Giulio Sandini is a Founding Director of the Italian Institute of Technology where in 2006 he established the department of Robotics, Brain and Cognitive Sciences. As a research fellow and Assistant Professor at the Scuola Normale in Pisa and Visiting Researcher at the Neurology Department of the Harvard Medical School he investigated visual perception and sensorimotor coordination in humans and technologies for Brain Activity Mapping in children with learning disabilities. In 1996 he was Visiting Scientist at the Artificial Intelligence Lab of MIT.

As a professor of bioengineering at the University of Genova in 1990 he founded the LIRA-Lab (Laboratory for Integrated Advanced Robotics) which was to become the birthplace of a family of humanoid robots up to the “open sources” iCub platform which has later become a reference humanoid platform of the Italian Institute of Technology and adopted by more than 40 research centers in the word to study and share results on different aspects of cognitive robotics.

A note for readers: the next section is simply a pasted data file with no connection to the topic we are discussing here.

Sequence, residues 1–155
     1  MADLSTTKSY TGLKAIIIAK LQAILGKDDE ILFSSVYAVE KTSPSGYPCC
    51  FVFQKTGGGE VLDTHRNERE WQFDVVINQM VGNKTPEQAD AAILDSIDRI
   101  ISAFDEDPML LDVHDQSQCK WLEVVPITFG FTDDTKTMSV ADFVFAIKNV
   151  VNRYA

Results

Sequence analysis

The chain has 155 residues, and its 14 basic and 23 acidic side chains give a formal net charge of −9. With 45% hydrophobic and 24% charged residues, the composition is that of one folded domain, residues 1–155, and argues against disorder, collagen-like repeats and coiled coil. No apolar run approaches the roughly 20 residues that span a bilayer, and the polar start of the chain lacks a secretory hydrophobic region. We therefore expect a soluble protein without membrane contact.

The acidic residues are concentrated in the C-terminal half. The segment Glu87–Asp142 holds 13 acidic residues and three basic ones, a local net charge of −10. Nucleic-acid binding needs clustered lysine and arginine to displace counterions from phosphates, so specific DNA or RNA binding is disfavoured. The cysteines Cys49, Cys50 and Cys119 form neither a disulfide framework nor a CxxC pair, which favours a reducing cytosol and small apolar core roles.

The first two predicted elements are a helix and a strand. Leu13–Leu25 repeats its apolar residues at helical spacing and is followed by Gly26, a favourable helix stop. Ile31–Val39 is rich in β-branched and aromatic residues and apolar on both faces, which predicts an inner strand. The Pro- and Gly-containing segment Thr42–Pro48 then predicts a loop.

Giulio Sandini research activity is characterized by an engineering approach to the study of natural intelligent systems with a focus on the design and implementation of artificial systems to investigate the development of human perceptual, motor and cognitive abilities (and viceversa).

Toru Ohira

Graduate School of Mathematics, Nagoya University, Japan

Collective behaviors emerging from chases and escapes

"Chases and Escapes" is a traditional mathematical problem. Recently, we proposed a simple extended model where one group chases another group, called "Group Chase and Escape". This extension connects the traditional problem with current interests in collective motion of animals, insects, and cars. In this presentation, I will introduce our basic model and discuss its rather complex emergent behaviors.

Each chaser approaches its nearest escapee, while each escapee steps away from its nearest chaser. Although there is no communication within each group, aggregate formations are observed. I will discuss how these behaviors appear as a function of parameters, such as densities.